Les Frères Rico, published in 1952 with Presses de la Cité was written in July of the same year, in Lakeville, Connecticut. It is not one of the most well known of Simenon’s American novels, although it deserves to be, even leading to a film adaptation, with Richard Conte cast in the leading role. Conte is not the only link between this novel about business, family and the mafia and Coppola’s epic trilogy, The Godfather. And there are elements in the main character’s personality which evoke De Niro’s in Scorsese’s Casino.
Written during the decade Simenon spent in America (1945 to 1955) and dealing with American settings, characters and topics, it is a novel which could equally have been published in the Série Noire, save for the fact that, maybe, it had much more authenticity than anything published by French crime authors in that series at the time. Like so many of the Série Noire novels, Simenon’s novel is really a tragedy, a tragedy with ordinary people. Blood and sacred family ties, duty and honour, being forced to make the most cruel of choices are its tragic elements. Businessmen instead of heroes, and corporate organisations (here, the mafia) with their dispassionate, mechanical rules instead of gods, are the elements of ordinariness. Simenon of course is one of the 20th century’s true poets of the ordinary and the novel is poignant in its evocation of the melancholy of submission.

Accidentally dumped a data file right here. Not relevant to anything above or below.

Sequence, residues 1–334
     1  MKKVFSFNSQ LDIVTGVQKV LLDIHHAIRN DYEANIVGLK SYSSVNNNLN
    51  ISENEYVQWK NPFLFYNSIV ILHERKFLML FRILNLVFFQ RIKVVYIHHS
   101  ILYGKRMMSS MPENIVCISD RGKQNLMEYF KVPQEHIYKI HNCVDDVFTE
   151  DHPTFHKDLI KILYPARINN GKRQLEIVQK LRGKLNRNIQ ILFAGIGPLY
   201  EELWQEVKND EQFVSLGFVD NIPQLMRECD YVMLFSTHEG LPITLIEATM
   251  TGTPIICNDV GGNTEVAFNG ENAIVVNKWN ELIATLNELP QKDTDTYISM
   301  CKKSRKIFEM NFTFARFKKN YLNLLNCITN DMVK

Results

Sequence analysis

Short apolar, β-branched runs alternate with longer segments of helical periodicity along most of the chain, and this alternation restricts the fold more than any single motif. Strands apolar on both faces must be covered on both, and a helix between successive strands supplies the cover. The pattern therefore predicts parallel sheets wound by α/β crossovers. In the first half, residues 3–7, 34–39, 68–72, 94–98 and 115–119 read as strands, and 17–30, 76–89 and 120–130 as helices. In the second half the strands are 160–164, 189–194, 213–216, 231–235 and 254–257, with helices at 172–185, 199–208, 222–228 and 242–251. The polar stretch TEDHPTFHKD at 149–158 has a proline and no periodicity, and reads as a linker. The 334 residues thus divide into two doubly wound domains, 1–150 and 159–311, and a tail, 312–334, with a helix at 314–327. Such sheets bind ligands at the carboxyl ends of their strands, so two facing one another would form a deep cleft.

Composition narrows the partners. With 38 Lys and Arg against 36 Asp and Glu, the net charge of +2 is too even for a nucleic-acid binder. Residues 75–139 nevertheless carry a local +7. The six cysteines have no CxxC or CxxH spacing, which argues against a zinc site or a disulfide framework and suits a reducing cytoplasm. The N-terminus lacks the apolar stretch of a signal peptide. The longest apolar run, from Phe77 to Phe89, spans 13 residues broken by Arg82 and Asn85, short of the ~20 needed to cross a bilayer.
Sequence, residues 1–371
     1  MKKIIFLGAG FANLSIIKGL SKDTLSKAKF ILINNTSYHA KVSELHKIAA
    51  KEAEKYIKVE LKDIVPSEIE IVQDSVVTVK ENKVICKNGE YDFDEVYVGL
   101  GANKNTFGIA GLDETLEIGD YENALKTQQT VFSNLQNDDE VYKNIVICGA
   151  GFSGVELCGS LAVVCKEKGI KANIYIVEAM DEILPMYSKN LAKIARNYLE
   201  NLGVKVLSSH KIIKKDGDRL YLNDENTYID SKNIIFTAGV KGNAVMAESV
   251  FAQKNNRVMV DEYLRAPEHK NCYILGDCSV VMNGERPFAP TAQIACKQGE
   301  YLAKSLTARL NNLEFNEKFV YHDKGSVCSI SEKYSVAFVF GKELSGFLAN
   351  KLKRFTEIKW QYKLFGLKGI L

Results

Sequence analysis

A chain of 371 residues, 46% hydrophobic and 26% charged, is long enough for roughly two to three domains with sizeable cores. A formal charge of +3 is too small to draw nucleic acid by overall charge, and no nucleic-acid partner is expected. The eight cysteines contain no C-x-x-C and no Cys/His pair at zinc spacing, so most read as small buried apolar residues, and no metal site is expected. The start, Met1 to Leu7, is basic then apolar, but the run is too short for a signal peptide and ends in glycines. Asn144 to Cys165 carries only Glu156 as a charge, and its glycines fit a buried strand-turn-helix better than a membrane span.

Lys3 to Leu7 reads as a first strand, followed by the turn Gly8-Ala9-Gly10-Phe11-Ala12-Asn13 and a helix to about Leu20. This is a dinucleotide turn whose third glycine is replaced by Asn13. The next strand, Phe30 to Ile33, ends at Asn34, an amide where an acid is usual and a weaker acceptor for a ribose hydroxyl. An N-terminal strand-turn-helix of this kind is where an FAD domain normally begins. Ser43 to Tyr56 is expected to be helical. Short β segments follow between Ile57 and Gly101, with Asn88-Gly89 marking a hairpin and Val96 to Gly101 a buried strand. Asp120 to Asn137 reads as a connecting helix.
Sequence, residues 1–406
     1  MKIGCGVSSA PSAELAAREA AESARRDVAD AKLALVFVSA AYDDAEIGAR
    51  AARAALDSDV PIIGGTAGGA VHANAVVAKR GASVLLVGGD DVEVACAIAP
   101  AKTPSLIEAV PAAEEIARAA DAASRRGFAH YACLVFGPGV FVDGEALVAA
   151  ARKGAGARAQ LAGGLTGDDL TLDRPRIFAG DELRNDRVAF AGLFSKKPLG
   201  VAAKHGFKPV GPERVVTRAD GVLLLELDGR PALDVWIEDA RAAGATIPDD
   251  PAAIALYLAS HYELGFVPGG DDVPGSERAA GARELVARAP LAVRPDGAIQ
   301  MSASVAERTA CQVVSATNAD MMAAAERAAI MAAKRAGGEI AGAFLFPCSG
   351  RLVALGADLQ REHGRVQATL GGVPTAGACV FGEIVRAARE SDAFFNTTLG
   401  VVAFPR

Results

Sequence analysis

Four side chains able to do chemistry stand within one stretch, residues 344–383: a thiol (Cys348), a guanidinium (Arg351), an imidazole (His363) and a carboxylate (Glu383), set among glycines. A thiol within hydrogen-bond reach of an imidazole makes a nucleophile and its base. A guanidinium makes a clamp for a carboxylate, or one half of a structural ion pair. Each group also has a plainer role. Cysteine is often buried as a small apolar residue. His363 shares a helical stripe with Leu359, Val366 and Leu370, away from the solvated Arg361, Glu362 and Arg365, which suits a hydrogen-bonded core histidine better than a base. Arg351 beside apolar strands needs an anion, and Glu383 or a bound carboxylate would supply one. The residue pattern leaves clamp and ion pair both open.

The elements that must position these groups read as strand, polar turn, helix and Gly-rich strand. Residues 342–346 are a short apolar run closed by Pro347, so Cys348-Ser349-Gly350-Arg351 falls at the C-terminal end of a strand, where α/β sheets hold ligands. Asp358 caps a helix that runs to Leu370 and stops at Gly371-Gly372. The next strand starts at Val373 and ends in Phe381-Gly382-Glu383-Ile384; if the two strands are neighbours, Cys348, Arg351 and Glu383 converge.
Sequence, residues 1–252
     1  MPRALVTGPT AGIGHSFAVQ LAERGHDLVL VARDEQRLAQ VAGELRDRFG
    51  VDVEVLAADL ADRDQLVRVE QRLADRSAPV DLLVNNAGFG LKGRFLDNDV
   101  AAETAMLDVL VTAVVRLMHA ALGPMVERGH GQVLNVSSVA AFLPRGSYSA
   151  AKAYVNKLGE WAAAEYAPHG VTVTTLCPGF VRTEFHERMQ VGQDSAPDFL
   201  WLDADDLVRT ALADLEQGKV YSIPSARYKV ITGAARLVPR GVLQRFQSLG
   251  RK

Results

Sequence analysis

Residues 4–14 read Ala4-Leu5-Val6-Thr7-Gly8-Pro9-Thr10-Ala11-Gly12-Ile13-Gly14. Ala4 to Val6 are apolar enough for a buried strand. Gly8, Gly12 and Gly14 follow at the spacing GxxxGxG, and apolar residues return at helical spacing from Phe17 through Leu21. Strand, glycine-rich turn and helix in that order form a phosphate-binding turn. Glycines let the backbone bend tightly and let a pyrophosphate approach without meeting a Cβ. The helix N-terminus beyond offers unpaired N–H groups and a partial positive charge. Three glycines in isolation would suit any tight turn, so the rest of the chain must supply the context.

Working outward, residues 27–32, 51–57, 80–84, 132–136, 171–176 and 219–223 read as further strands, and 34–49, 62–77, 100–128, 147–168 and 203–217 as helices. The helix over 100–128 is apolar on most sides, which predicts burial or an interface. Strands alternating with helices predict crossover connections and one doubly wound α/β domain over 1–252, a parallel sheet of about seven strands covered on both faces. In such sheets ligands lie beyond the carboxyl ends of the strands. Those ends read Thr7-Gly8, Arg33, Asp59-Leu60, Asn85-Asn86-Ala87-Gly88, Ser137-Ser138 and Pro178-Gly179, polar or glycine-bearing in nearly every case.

The noir atmosphere, the lingering sense of betrayal, displacement and sorrow left by the novel is captured beautifully by Loustal’s colour drawings for the Omnibus illustrated edition (Paris, Omnibus, 2004)